He went into Parliament via the gruelling route of left-wing Labour politics in Islington. He was chief whip on Islington Council during that period when keeping the comrades in order was a superhuman job. He has already made something of a mark in his present job. He has staved off the introduction of museum charges and played his part in winning tax breaks for film-makers. But still, some say he lacks the killer instinct to really make a difference. Mr Smith, do you mind being called nice? "I never know whether to be flattered or angry about that." Oh, go on, be angry. "Well, if it means that I am equable towards my colleagues and the world in general, then I'm guilty." Oh. "But if it means I can't be determinedly focused about achieving the best possible outcomes, then no. NO!" I think I might have just received the sharp side of his tongue.

Overall, Chris Smith is something of a national treasure, I think. After all, it's not often that, in government, you encounter good people trying to do decent things. Still, the pixie boots would have added something. And the Babycham might have jollied things along rather. Next time, perhaps? "Absolutely," cries Mr Smith. "I'll book Stringfellows right now!" He shouldn't have laughed at me, like I said.

Arts and Entertainment
Caroline Flack became the tenth winner of Strictly Come Dancing
tvReview: 'Absolutely phenomenal' Xtra Factor presenter wins Strictly Come Dancing final
Arts and Entertainment
J Jefferson Farjeon at home in 1953
booksBooksellers say readers are turning away from modern thrillers and back to golden age of crime writing
Arts and Entertainment
Nick Hewer is to leave The Apprentice after 10 years

TV review Nick Hewer, the man whose eyebrows speak a thousand words, is set to leave The Apprentice

Arts and Entertainment
Female fans want more explicit male sex in Game of Thrones, George R R Martin says

film George RR Martin owns a cinema in Santa Fe

Arts and Entertainment
Clued up: John Lynch and Gillian Anderson in ‘The Fall’

TV review

PROMOTED VIDEO
Arts and Entertainment
Rhys says: 'I'm not playing it for laughs, but I have learnt that if you fall over on stage, people can enjoy that as much as an amazing guitar solo'
musicGruff Rhys on his rock odyssey, and the trouble with independence
Arts and Entertainment
Krysia and Daniel (Hand out press photograph provided by Sally Richardson)
How do today's composers answer the challenge of the classical giant?
Have you tried new the Independent Digital Edition apps?
Arts and Entertainment

ebooksNow available in paperback
Arts and Entertainment

ebooks
News
Shenaz Treasurywala
film
News
tv
Arts and Entertainment
Jason Watkins as Christopher Jefferies
tv
Arts and Entertainment
Star Wars Director JJ Abrams: key character's names have been revealed
film
Arts and Entertainment
Pharrell Williams won two BBC Music Awards for Best Song and International Artist
music
Arts and Entertainment
Mark, Katie and Sanjay in The Apprentice boardroom
TV
Arts and Entertainment

Film The critics but sneer but these unfashionable festive films are our favourites

Arts and Entertainment
Frances O'Connor and James Nesbitt in 'The Missing'

TV We're so close to knowing what happened to Oliver Hughes, but a last-minute bluff crushes expectations

Arts and Entertainment
Joey Essex will be hitting the slopes for series two of The Jump

TV

Who is taking the plunge?
Arts and Entertainment
Katy Perry as an Ancient Egyptian princess in her latest music video for 'Dark Horse'

music
Arts and Entertainment
Dame Judi Dench, as M in Skyfall

film
Arts and Entertainment
Morrissey, 1988

TV
Latest stories from i100
Have you tried new the Independent Digital Edition apps?

ES Rentals

    Independent Dating
    and  

    By clicking 'Search' you
    are agreeing to our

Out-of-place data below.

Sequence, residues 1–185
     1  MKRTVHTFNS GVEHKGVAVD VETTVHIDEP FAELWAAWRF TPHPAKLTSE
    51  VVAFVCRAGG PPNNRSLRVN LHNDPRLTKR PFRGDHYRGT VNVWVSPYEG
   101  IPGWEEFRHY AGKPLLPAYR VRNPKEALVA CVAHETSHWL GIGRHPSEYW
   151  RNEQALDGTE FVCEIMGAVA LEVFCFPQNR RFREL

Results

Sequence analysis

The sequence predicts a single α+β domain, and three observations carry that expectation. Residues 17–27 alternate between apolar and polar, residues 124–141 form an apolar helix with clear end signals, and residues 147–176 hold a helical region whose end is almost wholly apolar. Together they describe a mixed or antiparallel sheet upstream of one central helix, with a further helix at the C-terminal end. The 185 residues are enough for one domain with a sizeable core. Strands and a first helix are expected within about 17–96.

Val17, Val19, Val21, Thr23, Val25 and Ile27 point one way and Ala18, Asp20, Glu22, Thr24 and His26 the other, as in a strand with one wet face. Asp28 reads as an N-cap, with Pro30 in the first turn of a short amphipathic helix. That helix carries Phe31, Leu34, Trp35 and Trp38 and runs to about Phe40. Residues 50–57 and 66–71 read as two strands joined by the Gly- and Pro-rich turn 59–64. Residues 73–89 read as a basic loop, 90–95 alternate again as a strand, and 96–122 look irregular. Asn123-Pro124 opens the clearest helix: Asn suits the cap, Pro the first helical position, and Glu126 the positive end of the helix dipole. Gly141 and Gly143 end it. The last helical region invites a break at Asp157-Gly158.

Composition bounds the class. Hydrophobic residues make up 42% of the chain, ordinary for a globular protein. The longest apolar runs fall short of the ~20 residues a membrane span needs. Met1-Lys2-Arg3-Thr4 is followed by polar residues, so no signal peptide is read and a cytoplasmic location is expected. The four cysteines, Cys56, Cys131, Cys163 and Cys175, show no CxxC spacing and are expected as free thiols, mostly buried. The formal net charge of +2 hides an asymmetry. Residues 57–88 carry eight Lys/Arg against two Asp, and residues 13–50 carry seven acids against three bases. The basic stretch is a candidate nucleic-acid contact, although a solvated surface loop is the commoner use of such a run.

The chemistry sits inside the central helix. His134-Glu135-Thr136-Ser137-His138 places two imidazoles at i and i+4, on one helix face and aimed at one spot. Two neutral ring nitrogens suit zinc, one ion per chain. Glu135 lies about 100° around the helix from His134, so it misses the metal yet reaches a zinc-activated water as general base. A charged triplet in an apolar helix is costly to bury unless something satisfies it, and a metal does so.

Terms of Use.

    Surrounded by high-rise flats is a little house filled with Lebanon’s history - clocks, rifles, frogmen’s uniforms and colonial helmets

    Clocks, rifles, swords, frogmen’s uniforms

    Surrounded by high-rise flats is a little house filled with Lebanon’s history
    Return to Gaza: Four months on, the wounds left by Israel's bombardment have not yet healed

    Four months after the bombardment, Gaza’s wounds are yet to heal

    Kim Sengupta is reunited with a man whose plight mirrors the suffering of the Palestinian people
    Gastric surgery: Is it really the answer to the UK's obesity epidemic?

    Is gastric surgery really the answer to the UK's obesity epidemic?

    Critics argue that it’s crazy to operate on healthy people just to stop them eating
    Homeless Veterans appeal: Christmas charity auction Part 2 - now LIVE

    Homeless Veterans appeal: Christmas charity auction

    Bid on original art, or trips of a lifetime to Africa or the 'Corrie' set, and help Homeless Veterans
    Pantomime rings the changes to welcome autistic theatre-goers

    Autism-friendly theatre

    Pantomime leads the pack in quest to welcome all
    The week Hollywood got scared and had to grow up a bit

    The week Hollywood got scared and had to grow up a bit

    Sony suffered a chorus of disapproval after it withdrew 'The Interview', but it's not too late for it to take a stand, says Joan Smith
    From Widow Twankey to Mother Goose, how do the men who play panto dames get themselves ready for the performance of a lifetime?

    Panto dames: before and after

    From Widow Twankey to Mother Goose, how do the men who play panto dames get themselves ready for the performance of a lifetime?
    Thirties murder mystery novel is surprise runaway Christmas hit

    Thirties murder mystery novel is surprise runaway Christmas hit

    Booksellers say readers are turning away from dark modern thrillers and back to the golden age of crime writing
    Anne-Marie Huby: 'Charities deserve the best,' says founder of JustGiving

    Anne-Marie Huby: 'Charities deserve the best'

    Ten million of us have used the JustGiving website to donate to good causes. Its co-founder says that being dynamic is as important as being kind
    The botanist who hunts for giant trees at Kew Gardens

    The man who hunts giants

    A Kew Gardens botanist has found 25 new large tree species - and he's sure there are more out there
    The 12 ways of Christmas: Spare a thought for those who will be working to keep others safe during the festive season

    The 12 ways of Christmas

    We speak to a dozen people who will be working to keep others safe, happy and healthy over the holidays
    Birdwatching men have a lot in common with their feathered friends, new study shows

    The male exhibits strange behaviour

    A new study shows that birdwatching men have a lot in common with their feathered friends...
    Diaries of Evelyn Waugh, Virginia Woolf and Noël Coward reveal how they coped with the December blues

    Famous diaries: Christmas week in history

    Noël Coward parties into the night, Alan Clark bemoans the cost of servants, Evelyn Waugh ponders his drinking…
    From noble to narky, the fall of the open letter

    From noble to narky, the fall of the open letter

    The great tradition of St Paul and Zola reached its nadir with a hungry worker's rant to Russell Brand, says DJ Taylor
    A Christmas ghost story by Alison Moore: A prodigal daughter has a breakthrough

    A Christmas ghost story by Alison Moore

    The story was published earlier this month in 'Poor Souls' Light: Seven Curious Tales'